Humboldt County Assessor Howard LaHaie also had some good news. In recent years, the county’s total assessed property values were going up by about four and a half percent, and in both last fiscal year and this one, the tax roll value has gone up by nearly six percent, he said.

He said his office currently has 27 employees. “And actually when I started in 2008, the assessor’s office had 36 staff so we’ve decreased it quite a bit,” he said. “I think that, in my opinion, 27 is probably the minimum to be able to continue to to produce the required assessments that we’re supposed to do. Anything below that would be detrimental to not only to our office but to the county as a whole.”

The county recently purchased artificial intelligence software called Just Appraised, which reads deeds and automatically enters the data into the county’s property tax database, so the work doesn’t need to be done manually.

At the end of LaHaie’s presentation, First District Supervisor Rex Bohn asked about the potential for A.I. to further streamline operations in the department. He went on to joke that some people “are looking forward to the day [when] there’s five computer screen sitting up here” on the board’s dais.

During his turn, the county’s director of aviation, Cody Roggatz, said Humboldt has seen a 50.6 percent increase in commercial aviation passengers from 2018 to 2023. 

“More passengers leads to more parking lot revenue, which is actually our biggest revenue generator for our entire department,” Roggatz said. He noted that his department has completed a series of major capital improvement programs in recent years thanks to funding from the Coronavirus Aid, Relief, and Economic Security Act, aka the CARES Act.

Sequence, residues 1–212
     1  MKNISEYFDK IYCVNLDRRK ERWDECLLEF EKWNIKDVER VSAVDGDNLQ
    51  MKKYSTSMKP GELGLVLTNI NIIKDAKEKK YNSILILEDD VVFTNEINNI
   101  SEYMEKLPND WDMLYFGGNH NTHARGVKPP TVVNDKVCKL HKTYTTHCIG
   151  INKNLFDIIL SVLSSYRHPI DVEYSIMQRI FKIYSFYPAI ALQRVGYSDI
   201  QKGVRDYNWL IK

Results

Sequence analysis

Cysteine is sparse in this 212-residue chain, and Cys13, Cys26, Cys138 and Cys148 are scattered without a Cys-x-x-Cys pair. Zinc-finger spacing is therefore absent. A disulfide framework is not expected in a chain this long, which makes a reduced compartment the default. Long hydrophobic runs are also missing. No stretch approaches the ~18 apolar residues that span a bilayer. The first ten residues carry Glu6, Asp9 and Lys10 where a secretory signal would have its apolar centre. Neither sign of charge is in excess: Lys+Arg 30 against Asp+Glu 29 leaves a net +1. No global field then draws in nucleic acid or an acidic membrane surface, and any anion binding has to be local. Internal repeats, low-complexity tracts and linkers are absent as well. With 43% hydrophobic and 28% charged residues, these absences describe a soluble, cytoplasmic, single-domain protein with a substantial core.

Aside from the Sacramento International Airport and the Santa Rosa Airport, he added, “we have garnered more funding and accomplished more for Humboldt County’s airports than anybody else in Northern California.”

Other county department heads said they’ve experienced significant staffing challenges, including difficulty recruiting and retaining employees. For example, Child Support Services Director Bennett Hoffman said his department has averaged a vacancy rate of 35 percent, and this year it was more like 60 percent among case management workers.

District Attorney Stacey Eads said she’s also having trouble with staffing amid a nationwide shortage of applicants for deputy DA positions. 

“We also live, obviously, in a very rural community; we’re very isolated,” Eads said. A number of people who’ve come to work in her department have loved the job and their coworkers but wound up leaving “due to the lack of adequate medical care,” she said.

Other department heads who presented today included Planning and Building Director John Ford, Human Resources Director Zachary O’Hanen and Library Services Director Chris Cooper. Each outlined the challenges they’ve faced this year and the ones they anticipate in the near future.

As noted above, the rest of the county department heads, including Sheriff William Honsal and Public Works Director Tom Mattson, will offer their fiscal presentations to the board two weeks from today.

Over the coming weeks, departments will submit their official budget requests, and the board will be tasked with finalizing a spending plan that preserves as many services as possible while minimizing the structural deficit.